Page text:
This report covers trends and developments in telecommunications, mobile, Internet, broadband, digital TV and converging media including VoIP and IPTV developments. Subjects include:
BuddeComm’s annual publication, Hungary - Telecoms, Mobile, Broadband and Forecasts, provides a comprehensive overview of the trends and developments in the telecommunications and digital media markets in Hungary.
Building on the success of past economic reforms, Hungary joined the European Union focused on raising living standards. In the process Hungary built up a high level of public and private debt, much of which was denominated in foreign currencies. The global financial crisis impacted Hungary significantly with the Hungarian forint devaluing considerably before later stabilising, in part due to Central Bank’s decision to set relatively high interest rates. The country’s economic woes led to the International Monetary Fund, the EU and World Bank extending emergency loans in October 2008, with the government required to implement unpopular measures such as lifting taxes and reining in spending. Real GDP growth is expected to turn negative during 2009 and 2010. Inflation is expected to ease due to softening consumer demand.
Despite the slowdown in spending, the telecom market will fare relatively well given the essential nature of most telecom services although competition may increase as mass market and business customers increasingly look for value. Hungary’s fixed telephony market is served by a number of regional incumbents as well as well-established cable TV operators.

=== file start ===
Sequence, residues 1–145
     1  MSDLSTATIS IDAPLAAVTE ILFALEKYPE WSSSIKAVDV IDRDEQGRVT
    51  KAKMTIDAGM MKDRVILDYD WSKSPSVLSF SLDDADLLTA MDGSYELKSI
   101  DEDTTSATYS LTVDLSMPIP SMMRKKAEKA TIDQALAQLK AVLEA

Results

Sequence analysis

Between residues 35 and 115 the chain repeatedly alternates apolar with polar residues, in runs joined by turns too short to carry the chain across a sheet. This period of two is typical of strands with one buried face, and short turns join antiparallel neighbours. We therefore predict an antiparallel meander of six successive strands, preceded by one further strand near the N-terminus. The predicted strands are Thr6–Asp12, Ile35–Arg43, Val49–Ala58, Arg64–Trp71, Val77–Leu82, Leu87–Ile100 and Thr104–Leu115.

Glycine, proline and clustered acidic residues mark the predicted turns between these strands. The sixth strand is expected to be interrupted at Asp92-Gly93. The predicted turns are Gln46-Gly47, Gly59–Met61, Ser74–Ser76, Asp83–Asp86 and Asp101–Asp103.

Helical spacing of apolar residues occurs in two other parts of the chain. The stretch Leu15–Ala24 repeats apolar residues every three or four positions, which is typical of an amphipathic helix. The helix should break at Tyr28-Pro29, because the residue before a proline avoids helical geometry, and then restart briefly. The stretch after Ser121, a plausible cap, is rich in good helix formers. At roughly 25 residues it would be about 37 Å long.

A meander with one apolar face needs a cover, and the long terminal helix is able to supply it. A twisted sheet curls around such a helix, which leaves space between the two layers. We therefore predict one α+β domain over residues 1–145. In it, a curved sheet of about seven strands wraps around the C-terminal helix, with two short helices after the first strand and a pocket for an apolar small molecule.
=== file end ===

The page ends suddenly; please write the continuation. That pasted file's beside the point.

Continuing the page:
Internet usage is high and broadband the preferred Internet access platform. DSL is the most popular form of broadband access, although the reach of cable TV networks means that cable is widely available and the second most popular platform. The demand for bandwidth is driving deployment of higher speed platforms, such as FTTx and EuroDOCSIS 3.0 for existing cable TV networks. Catering for the large Internet user base are useful online services and applications, fostering the development of an Internet society, a trend recognised and encouraged by the government through investment and policy. It is hoped that Internet society development will increase productivity and improve the standard of living.
Hungary’s broadcasting market is evolving due to media convergence trends and competition. Standard definition and high definition digital TV is available via terrestrial TV, cable TV networks, satellite and IPTV. Competition has intensified due to the increased number of service providers and introduction of packaged offerings such as triple play. Legislative changes have paved the way for consolidation within the cable market, one of the most fragmented in the EU.
Hungary’s mobile market, like that of its Central European counterparts, has matured with penetration rates surpassing 100%. Services are offered by three mobile network operators, all of which are majority or wholly-owned by Western European operators. With mobile SIM card penetration at saturation levels, the mobile network operators have shifted focus to increasing ARPU levels, encouraging prepaid users to take up postpaid services as well as encouraging spending and uptake in the underdeveloped mobile broadband and content market. 3G/HSDPA networks have been deployed to support delivery of mobile broadband services; competing network deployments have led to increased transfer speeds.
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